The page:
Healthcare providers are still learning about post-COVID conditions. CDC continues to work to determine how common these long-term effects are, who is most likely to get them, how long the symptoms typically last, and whether symptoms eventually resolve.

During Your Appointment

On the day of your appointment, try to arrive a little early or, for telemedicine appointments, call in or log on a few minutes ahead of the appointment. If your provider is running late, you can use the time to make sure your paperwork or forms have been filled out and the front desk has your correct information. The list below can help you during your appointment.

Bring Your List of Concerns

  • Since appointment time is often limited, it will help to make a list of why you are coming in for an appointment. Start with your most concerning issues (sometimes called “chief complaints”).
  • Focus on talking to your provider because this can be the most valuable part of the visit.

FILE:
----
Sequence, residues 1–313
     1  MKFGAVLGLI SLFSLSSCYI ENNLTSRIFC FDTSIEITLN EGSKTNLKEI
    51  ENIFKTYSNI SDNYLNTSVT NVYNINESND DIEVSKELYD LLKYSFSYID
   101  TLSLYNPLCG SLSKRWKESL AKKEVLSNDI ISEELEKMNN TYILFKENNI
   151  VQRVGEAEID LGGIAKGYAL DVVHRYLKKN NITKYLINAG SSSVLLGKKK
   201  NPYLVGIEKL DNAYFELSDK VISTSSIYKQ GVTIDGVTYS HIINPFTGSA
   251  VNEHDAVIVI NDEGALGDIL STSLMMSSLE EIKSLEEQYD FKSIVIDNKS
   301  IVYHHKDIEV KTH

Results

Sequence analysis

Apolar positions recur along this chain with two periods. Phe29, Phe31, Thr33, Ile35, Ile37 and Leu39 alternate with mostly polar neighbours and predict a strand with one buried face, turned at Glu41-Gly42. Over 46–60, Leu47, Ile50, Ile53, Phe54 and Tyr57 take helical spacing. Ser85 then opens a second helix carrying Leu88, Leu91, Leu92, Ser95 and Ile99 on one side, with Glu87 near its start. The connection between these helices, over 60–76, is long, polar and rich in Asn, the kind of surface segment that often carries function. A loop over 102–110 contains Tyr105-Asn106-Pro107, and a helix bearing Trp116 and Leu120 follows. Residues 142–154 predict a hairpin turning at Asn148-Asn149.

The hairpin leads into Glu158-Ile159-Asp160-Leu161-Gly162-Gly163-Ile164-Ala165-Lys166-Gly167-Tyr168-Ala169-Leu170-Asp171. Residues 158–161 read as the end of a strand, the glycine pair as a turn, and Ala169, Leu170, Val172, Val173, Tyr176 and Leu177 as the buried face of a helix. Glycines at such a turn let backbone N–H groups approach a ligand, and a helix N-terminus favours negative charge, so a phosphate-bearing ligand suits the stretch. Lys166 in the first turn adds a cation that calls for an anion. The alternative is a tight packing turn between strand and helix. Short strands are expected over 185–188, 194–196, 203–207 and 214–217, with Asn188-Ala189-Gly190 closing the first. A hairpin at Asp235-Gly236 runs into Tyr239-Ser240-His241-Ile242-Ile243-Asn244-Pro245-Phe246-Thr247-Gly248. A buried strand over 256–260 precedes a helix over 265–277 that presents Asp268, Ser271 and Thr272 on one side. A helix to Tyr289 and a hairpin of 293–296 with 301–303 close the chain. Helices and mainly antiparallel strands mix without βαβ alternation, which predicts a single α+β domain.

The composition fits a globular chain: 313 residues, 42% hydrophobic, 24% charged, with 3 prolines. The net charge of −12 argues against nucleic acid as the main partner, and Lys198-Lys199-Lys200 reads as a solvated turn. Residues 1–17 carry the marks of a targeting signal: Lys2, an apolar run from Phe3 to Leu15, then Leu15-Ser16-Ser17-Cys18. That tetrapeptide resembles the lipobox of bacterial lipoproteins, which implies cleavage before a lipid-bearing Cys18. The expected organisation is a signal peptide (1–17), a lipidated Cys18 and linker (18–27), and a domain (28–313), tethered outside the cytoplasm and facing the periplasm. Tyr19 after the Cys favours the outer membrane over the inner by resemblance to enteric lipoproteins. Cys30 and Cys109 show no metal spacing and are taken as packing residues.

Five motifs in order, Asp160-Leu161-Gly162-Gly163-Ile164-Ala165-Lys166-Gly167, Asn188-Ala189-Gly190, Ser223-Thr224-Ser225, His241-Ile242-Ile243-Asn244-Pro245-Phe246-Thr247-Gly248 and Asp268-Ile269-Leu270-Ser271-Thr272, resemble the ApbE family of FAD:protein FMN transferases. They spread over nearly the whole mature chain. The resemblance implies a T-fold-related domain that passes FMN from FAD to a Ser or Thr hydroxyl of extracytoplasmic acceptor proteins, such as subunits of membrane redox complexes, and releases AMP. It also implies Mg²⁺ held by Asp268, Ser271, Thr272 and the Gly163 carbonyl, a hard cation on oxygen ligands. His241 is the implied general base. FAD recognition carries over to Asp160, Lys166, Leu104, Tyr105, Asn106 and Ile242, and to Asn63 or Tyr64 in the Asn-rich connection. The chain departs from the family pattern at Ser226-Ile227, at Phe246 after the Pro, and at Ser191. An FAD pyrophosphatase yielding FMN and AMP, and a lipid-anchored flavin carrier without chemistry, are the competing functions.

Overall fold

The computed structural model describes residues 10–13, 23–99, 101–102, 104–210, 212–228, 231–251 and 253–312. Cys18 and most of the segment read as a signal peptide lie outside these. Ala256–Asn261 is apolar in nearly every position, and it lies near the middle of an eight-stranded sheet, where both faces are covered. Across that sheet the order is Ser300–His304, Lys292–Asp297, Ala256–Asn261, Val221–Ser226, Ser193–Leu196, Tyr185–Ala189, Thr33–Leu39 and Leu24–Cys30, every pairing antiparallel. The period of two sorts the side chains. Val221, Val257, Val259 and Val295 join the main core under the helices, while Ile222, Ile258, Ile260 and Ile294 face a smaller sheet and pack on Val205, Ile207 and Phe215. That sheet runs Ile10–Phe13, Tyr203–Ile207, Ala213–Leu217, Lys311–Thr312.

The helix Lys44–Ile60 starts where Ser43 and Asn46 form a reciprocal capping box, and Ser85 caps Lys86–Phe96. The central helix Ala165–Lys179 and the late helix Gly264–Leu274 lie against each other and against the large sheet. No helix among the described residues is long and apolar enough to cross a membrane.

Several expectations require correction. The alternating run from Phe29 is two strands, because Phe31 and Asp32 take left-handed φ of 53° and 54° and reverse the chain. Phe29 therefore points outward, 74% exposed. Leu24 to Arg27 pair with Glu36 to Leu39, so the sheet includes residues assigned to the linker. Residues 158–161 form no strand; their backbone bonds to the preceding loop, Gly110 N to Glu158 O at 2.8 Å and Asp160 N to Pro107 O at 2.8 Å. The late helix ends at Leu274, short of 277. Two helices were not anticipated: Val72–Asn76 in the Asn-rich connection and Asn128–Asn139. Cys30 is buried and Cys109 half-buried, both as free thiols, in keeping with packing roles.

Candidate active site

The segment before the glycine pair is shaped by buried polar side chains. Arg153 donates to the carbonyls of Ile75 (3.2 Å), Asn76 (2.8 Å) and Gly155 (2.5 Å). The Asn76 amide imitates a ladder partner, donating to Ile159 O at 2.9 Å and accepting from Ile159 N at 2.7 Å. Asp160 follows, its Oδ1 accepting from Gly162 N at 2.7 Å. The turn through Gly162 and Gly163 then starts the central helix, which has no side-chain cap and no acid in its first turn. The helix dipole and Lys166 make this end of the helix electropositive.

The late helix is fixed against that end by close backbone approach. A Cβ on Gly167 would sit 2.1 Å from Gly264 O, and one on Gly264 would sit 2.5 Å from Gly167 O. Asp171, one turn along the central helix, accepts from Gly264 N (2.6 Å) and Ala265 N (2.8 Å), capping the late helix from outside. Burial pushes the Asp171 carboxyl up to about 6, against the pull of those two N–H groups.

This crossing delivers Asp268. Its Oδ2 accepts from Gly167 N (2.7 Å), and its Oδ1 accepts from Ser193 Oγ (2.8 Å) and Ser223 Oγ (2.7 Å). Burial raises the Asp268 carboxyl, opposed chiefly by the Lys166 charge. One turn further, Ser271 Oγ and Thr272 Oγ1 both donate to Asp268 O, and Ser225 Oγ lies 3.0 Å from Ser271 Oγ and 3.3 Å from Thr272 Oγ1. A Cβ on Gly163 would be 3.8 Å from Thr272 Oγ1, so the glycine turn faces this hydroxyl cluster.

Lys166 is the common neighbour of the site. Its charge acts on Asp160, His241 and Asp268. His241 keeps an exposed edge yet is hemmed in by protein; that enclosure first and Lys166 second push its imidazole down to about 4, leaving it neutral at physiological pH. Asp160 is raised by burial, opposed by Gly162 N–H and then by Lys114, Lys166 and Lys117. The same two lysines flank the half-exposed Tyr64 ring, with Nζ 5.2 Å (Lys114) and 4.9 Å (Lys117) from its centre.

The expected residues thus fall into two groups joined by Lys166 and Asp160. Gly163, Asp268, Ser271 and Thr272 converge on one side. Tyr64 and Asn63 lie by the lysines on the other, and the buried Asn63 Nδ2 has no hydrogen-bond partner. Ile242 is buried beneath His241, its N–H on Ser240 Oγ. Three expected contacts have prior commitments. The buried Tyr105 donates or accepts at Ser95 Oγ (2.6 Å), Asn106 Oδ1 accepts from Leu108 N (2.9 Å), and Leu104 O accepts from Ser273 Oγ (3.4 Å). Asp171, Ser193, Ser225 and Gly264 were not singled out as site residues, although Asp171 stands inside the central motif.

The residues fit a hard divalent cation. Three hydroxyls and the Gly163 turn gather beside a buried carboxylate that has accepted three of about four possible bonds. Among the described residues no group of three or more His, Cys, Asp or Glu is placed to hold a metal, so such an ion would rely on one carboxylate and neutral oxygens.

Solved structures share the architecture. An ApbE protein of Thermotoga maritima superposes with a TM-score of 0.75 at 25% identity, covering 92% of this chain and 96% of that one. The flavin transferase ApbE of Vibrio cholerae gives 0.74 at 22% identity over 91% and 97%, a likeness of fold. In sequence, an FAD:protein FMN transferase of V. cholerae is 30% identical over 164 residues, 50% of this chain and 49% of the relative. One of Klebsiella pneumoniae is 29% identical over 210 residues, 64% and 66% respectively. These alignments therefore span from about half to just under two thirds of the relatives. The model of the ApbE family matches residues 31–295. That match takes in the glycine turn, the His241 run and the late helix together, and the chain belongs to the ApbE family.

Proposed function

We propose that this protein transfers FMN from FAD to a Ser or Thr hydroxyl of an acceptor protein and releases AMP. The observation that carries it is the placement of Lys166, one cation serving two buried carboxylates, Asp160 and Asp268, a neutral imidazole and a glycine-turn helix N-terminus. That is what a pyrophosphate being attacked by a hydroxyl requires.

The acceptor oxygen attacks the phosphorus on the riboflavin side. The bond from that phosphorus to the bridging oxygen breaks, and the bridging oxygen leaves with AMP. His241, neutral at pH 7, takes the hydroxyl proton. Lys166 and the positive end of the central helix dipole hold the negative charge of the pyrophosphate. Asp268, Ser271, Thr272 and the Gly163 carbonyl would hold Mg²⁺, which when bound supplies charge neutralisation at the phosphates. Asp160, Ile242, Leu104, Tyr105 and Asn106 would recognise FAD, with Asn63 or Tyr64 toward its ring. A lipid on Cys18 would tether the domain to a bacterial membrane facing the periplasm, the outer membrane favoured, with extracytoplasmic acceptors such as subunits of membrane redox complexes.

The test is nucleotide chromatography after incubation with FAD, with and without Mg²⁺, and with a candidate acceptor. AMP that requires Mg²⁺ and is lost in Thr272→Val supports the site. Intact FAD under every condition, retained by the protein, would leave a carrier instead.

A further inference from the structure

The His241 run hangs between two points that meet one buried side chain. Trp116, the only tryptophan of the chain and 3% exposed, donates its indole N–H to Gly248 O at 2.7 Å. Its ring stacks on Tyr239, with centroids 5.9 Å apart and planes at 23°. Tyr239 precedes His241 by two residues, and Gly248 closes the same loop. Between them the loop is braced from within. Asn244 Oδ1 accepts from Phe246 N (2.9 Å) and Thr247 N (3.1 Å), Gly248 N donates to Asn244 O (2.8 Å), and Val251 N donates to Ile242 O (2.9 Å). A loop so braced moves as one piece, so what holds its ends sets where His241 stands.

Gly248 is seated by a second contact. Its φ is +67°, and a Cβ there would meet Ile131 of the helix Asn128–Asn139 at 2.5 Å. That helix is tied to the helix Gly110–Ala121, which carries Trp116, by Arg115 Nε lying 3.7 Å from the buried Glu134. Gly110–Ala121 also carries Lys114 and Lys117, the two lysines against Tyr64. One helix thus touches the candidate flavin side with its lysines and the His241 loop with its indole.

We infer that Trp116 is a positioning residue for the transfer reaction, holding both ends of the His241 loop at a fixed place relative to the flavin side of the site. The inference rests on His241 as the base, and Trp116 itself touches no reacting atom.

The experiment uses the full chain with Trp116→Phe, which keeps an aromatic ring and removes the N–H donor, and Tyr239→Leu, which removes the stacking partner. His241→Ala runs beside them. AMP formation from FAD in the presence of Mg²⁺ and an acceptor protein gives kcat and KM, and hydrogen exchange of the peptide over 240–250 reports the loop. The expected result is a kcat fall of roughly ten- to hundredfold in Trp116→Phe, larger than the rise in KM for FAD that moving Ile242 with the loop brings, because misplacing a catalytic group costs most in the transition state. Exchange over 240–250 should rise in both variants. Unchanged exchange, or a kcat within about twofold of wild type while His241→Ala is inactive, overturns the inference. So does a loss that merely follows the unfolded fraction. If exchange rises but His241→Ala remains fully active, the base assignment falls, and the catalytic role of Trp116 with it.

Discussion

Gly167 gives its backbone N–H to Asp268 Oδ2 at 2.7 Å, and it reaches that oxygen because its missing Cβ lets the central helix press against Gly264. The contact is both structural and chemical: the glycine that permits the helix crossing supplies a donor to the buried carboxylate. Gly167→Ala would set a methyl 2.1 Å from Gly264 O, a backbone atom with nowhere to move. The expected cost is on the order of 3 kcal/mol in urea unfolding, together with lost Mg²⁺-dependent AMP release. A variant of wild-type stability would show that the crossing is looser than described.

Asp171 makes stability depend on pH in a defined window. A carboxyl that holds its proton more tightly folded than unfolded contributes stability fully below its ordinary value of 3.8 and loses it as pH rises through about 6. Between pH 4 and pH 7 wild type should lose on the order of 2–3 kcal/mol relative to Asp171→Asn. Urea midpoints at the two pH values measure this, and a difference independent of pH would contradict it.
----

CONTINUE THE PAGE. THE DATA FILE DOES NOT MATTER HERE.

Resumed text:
Ask & Answer Questions

  • Ask questions, starting with the most important ones. Don’t hesitate to ask your healthcare provider to explain their answers if they are not clear to you.
  • Be prepared to discuss your activity levels, what activities make your illness worse, and any medications that seem to make your symptoms better or worse.
  • Answer the provider’s questions. Explain how you feel. Be straightforward, and don’t be embarrassed to talk about anything.
  • Let your provider know if there have been any changes to your prescribed medications and supplements.

Know Your Next Steps

  • Make sure you understand the next steps. Use a notebook or your phone to take notes and write down instructions. Repeat back what the provider has told you to check for understanding. (For example, you might ask: “So, I should go to the lab next week with this paperwork to get my blood drawn?”). Other questions could include:
    • Will I need more tests?